The 3rd East African Regional Tourism Summit Set to Unlock New Vistas in Travel and Tourism in East Africa.

The recent culmination of the 3rd East African Regional Tourism Summit and the 13th Magical Kenya Travel Expo marks a pivotal moment for the travel and tourism industry in East African region. As we reflect on the insights gained and the passionate remarks of the East Africa Community (E.A.C) Deputy Secretary General (Customs, Trade and Monetary Affairs) Ms. Annette Ssemuwemba, Dr. Alfred Mutua, Cabinet Secretary for Tourism, Wildlife, and Antiquities, it becomes evident that there’s a call to action for all stakeholders in the industry.

It was attributed that the quick rebound of the travel and tourism industry from the pangs of covid-19 pandemic was as a result of deliberate diversification of tourism products and the improvements of the challenges facing the industry in the past.

In a dynamic continent where each country boasts unique tourist attractions, the need for collaboration and a unified regional approach cannot be overstated.

This annual regional travel-tourism fair showcasing the region’s diverse offerings is a step towards the right direction in providing opportunity for countries in the region especially Kenya, in consolidating its position as a premier for meetings, incentives, conferences and exhibitions destination in the region and Africa-hence an overall effect in growing and maintaining our global share of the international tourism market. Dr. Mutua emphasized the necessity for East African countries to set aside unproductive rivalries and collaborate in promoting the region’s collective tourism assets.

The Magical Kenya Travel Expo, Kenya’s annual flagship travel fair which brings together tourism stakeholders, partners and media from Kenya’s key source markets in Europe, Africa, Asia and America merger with East Africa Regional Tourism Summit this year was set to create more value and enhance the level of engagement.

The key focus areas to catapult and enhance the region’s visibility and maximization of the economic benefits to bolster travel and tourism trade which featured highly during the summit are:

Connectivity: The Backbone of Regional Tourism

Notably one of the primary challenges facing the East African region is connectivity. Despite the diversity of tourist attractions, the region receives very few direct flights from international destinations. To truly tap into the potential of the tourism industry and maximize economic benefits, there’s a need to focus on strengthening air links. Policies such as Open Skies Agreement (OSA) should be adopted to give our airlines the flexibility to respond to market opportunities. These agreements could empower our airlines to dance to the market’s tune, fostering growth within the East African Community and the broader African Continental Free Trade Area (AfCFTA).

Tech-Forward Tourism

In an era where technology is redefining travel, creating a hassle-free tourist experience is paramount. The new generation of travelers, predominantly Millennials and Gen Z, with their ‘You Only Live Once’ ethos, innovation and technology play a crucial role in attracting these tech-savvy explorers seeking seamless experiences. Therefore, industry players need to adopt innovative solutions that cater to this demographic, ensuring a personalized and convenient travel experience.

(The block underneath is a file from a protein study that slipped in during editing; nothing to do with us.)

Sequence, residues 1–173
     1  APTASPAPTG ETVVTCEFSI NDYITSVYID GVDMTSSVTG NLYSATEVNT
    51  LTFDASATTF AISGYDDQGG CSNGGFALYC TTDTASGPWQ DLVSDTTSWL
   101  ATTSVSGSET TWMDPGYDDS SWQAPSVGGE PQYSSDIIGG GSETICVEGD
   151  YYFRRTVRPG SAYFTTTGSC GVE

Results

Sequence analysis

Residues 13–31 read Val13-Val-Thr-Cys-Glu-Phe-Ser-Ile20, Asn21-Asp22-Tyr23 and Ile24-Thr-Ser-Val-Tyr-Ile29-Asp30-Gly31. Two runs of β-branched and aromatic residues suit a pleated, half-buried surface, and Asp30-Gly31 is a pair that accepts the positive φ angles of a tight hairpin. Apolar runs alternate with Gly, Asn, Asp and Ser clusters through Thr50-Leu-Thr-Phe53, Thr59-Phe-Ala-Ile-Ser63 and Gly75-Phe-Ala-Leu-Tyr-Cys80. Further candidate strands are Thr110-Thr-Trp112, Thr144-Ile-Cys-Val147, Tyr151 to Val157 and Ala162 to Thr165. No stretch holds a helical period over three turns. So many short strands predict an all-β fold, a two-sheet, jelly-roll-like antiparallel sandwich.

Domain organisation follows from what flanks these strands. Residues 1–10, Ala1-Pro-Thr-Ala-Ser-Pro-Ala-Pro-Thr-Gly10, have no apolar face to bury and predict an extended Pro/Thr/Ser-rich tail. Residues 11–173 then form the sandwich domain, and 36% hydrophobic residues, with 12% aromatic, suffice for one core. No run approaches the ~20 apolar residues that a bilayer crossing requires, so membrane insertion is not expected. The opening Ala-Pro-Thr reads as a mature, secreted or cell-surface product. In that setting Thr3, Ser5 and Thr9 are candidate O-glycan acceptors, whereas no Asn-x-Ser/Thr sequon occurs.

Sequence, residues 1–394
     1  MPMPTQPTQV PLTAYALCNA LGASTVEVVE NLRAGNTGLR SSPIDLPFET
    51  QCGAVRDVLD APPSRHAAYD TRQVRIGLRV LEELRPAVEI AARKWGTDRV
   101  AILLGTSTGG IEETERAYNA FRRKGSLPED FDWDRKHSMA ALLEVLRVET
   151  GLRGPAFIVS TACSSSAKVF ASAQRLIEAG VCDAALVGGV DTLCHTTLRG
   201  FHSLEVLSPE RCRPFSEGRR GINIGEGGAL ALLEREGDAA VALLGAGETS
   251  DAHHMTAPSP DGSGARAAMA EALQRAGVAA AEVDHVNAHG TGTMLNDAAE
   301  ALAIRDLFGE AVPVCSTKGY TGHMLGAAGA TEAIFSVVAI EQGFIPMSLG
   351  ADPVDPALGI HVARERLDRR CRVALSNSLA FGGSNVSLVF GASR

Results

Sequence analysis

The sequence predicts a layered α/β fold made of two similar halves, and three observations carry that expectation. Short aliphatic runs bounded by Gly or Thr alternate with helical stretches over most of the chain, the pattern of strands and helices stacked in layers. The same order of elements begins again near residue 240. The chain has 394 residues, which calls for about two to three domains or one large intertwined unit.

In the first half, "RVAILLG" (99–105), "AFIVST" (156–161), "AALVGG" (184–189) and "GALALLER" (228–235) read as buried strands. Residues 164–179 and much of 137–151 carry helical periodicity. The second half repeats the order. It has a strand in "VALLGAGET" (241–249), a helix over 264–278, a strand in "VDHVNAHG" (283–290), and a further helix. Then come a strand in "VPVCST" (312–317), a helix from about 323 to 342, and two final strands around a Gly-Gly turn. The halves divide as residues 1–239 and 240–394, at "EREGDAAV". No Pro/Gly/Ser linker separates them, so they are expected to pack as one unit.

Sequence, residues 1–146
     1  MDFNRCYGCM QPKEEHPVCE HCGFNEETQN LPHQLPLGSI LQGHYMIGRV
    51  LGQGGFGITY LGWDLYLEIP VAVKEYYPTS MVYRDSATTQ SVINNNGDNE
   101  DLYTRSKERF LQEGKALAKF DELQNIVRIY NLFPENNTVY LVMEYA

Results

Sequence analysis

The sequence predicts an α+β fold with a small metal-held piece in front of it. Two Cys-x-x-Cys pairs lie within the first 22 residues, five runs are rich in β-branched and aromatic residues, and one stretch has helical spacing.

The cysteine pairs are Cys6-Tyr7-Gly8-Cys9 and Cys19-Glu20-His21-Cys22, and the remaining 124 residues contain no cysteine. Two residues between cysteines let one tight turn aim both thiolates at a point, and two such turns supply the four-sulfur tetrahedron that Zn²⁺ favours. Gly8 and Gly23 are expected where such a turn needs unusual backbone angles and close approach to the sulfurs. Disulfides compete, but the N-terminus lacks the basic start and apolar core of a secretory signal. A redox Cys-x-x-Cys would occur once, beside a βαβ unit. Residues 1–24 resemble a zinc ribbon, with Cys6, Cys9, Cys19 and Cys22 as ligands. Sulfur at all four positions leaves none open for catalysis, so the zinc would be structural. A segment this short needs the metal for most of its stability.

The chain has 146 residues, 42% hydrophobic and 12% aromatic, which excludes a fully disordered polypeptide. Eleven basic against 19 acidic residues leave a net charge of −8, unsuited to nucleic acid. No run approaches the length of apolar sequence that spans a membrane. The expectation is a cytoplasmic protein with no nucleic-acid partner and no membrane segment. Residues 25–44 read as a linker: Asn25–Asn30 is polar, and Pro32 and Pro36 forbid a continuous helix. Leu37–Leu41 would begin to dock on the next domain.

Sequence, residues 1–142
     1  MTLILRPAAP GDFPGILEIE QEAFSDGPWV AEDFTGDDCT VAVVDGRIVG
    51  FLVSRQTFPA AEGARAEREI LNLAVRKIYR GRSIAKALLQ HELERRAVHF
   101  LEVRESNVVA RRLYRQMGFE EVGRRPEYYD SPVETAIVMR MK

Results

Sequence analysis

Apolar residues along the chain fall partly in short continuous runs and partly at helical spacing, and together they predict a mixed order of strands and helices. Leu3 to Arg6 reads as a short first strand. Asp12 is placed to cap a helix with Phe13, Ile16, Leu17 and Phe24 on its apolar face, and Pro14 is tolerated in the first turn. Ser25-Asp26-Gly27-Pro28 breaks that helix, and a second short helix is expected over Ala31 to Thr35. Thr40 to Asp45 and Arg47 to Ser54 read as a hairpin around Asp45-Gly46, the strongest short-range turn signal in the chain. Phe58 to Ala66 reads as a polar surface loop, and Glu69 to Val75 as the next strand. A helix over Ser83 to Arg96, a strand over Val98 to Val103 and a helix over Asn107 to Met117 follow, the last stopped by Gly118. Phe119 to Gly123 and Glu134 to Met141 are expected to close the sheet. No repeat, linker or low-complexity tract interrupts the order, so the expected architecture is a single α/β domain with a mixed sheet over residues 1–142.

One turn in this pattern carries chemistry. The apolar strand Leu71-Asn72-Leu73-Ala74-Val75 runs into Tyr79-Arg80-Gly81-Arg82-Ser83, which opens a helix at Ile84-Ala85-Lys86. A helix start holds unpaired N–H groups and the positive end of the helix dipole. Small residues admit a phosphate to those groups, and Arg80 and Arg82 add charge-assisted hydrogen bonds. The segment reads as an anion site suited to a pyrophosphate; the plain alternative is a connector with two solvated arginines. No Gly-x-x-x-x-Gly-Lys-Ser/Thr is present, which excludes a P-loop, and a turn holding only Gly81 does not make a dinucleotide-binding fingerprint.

Unity and Collaboration for a Visa-Free Continent

In his closing remarks, Dr. Mutua passionately called for a shift in strategy, urging countries to pool resources for marketing and present the region as a unified destination. His proposal for a multifaceted approach involves identifying, mapping, branding, and packaging all the region’s tourist attractions while developing interconnected tourist circuits.

The idea of a visa-free continent is an idea whose time has come; it’s a journey that has commenced and will spread like wildfire in coming days. Simplifying visa processes, ensuring safety, and leveraging technology will be key in achieving this vision.

Forging partnerships from country, regional Associations and state corporations that promote destination marketing for signature events and experiences of the region’s unique propositions should be done in a synchronized manner where incentives are given for those who go out of their way to aggressively market the region’s unique prepositions. This Annual Tourism Expo among other key initiatives that the EAC has embarked on as part of implementing the regional tourism marketing strategy 2021-2025 will surely set up the bloc to exciting vistas.

Source: KATA Media & Communications -Bryan Obala

Jambojet To Start Flying from Mombasa To Zanzibar Beginning July Next Year

NAIROBI, Kenya, Nov 22 – Low-cost airline Jambojet will, starting in July next year, start flying from Mombasa to Zanzibar. The unveiling of the new route comes at a time when the airline’s market share in the domestic market stands at 56 percent. “The Mombasa-Zanzibar route is not just a flight route but a bridge that cements the cultural heritage between our people, but also connects the beautiful coasts of Kenya and Zanzibar,” Jambojet Chairman Vincent Rague said at the ongoing Magical Kenya and East African Region Tourism Expo.

“With its rich history, pristine beaches, and vibrant culture, the two destinations are gems within the Indian Ocean, and we are delighted to bring these breathtaking destinations closer to you.” The tourism sector is the engine of a majority of countries in the East African Community (EAC), thus its importance on their economies. The EAC Tourism Marketing Strategy aims to position the region as Africa’s leading sustainable tourism destination.